A behavioral nudge passes a real-world test with 6,000 workers
Deploying delayed gratification for the benefit of our future self is not the natural human default mode. Yet, we have a retirement system predicated on workers needing to choose to do just that.
Traditional pensions have all but disappeared for private-sector workers, replaced by the 401(k) or other defined contribution plan, in which participation is voluntary, and funding comes directly out of workers’ pockets today. That’s a double-whammy behavioral challenge to overcome.
Many people don’t participate.
The Bureau of Labor Statistics reports that 3 in 10 workers who could save in a workplace 401(k) aren’t. Moreover, those who do often save way too little.
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And despite business leaders publicly expressing concern about the future retirement insecurity of their workers, many have not chosen to provide tangible help. The surest way to get someone to save for retirement is to auto-enroll them in a workplace plan, with an opt-out option available. Alas, Vanguard’s latest sweep of its 401(k) business reports that just 54% of plans it administers have auto-enrollment. Among Vanguard plans with fewer than 500 employees, barely one-third have auto-enrollment.
Boosting Participation with a Fresh Start Nudge
That this suboptimal plan design remains so prevalent presents a challenge — and an opportunity — for stakeholders who are eager to help workers commit to building future retirement security.
Research published in Organizational Behavior and Human Decision Processes reports that in a real-world experiment, a nudge based on the “fresh start” framing of goal setting induced more people to sign up for their workplace retirement plan.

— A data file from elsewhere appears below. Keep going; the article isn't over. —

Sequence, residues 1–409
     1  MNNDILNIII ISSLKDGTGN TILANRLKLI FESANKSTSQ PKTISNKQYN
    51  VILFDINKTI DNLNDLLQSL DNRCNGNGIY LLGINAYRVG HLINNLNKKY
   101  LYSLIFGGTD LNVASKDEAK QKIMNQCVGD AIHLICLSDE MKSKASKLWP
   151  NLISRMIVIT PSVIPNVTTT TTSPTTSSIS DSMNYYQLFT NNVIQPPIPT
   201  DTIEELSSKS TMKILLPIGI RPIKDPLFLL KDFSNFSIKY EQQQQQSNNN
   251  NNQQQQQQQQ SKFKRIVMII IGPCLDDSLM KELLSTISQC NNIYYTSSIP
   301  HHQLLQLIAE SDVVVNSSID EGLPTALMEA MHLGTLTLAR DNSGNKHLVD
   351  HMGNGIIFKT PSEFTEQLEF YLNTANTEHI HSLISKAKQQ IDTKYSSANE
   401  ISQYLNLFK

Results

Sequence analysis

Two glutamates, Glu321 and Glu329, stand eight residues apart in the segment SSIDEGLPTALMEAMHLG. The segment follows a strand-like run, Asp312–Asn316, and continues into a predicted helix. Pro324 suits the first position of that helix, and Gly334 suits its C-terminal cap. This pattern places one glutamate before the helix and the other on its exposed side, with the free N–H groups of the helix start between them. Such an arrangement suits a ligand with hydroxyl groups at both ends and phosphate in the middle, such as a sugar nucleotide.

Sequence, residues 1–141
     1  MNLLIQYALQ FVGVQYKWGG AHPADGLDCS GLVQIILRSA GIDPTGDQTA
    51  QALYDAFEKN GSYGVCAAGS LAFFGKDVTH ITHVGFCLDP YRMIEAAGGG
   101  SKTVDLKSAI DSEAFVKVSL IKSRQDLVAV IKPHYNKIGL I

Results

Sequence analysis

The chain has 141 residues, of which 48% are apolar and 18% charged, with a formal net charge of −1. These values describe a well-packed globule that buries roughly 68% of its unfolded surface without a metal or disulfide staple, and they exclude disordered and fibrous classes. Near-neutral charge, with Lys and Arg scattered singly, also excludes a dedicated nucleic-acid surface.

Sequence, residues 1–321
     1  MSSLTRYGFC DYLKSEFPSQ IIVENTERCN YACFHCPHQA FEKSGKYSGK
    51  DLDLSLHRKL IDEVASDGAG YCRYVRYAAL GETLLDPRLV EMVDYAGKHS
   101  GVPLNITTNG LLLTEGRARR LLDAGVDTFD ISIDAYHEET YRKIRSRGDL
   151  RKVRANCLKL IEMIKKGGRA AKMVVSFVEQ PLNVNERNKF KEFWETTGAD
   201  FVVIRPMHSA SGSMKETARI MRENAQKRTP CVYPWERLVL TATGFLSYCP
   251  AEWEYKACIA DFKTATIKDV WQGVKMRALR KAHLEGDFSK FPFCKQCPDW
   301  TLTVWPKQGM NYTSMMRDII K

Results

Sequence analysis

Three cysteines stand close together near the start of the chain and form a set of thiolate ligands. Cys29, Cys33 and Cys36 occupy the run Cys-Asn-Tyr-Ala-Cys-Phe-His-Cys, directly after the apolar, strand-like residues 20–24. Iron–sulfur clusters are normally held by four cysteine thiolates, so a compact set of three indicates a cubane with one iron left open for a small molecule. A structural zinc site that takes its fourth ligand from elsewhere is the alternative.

Introduced in 2014 research published in Management Science Journal, the fresh-start concept plays on the fact that when we can separate our past self—which often has regrets about goals not met—from our future self, we are better able to take a deep breath and launch ourselves toward a new goal. The original research, limited to observational data in the field, along with follow-up lab experiments, found that the fresh-start demarcation line can be as simple as the start of a new week, or a semester or a birthday.
Pitching a Future Commitment
The latest research by Harvard’s John Beshears, UCLA Anderson’s Hengchen Dai, the University of Pennsylvania’s Katherine L. Milkman and UCLA Anderson’s Shlomo Bernartzi, tested the concept on more than 6,000 workers at four universities. The researchers say it represents the first large-scale field experiment to successfully demonstrate the fresh-start nudge’s effectiveness. (Dai and Milkman collaborated on the original fresh-start research along with Jason Riis.) An added twist of this new research is that it studied the application of a fresh-start nudge set off months into the future; prior research had focused more on either fresh starts that have just passed or fresh starts coming soon.
Employees eligible for their workplace retirement plan received a snail mail pitch from their plan that encouraged them to “Stop Waiting … Start Saving.” There were two options given for when to start saving: now or a future date.
The heart of the study was the manipulation of what sort of future date an employee was pitched.
One group was fed a generic future date, such as “two months from now” or “four months from now.”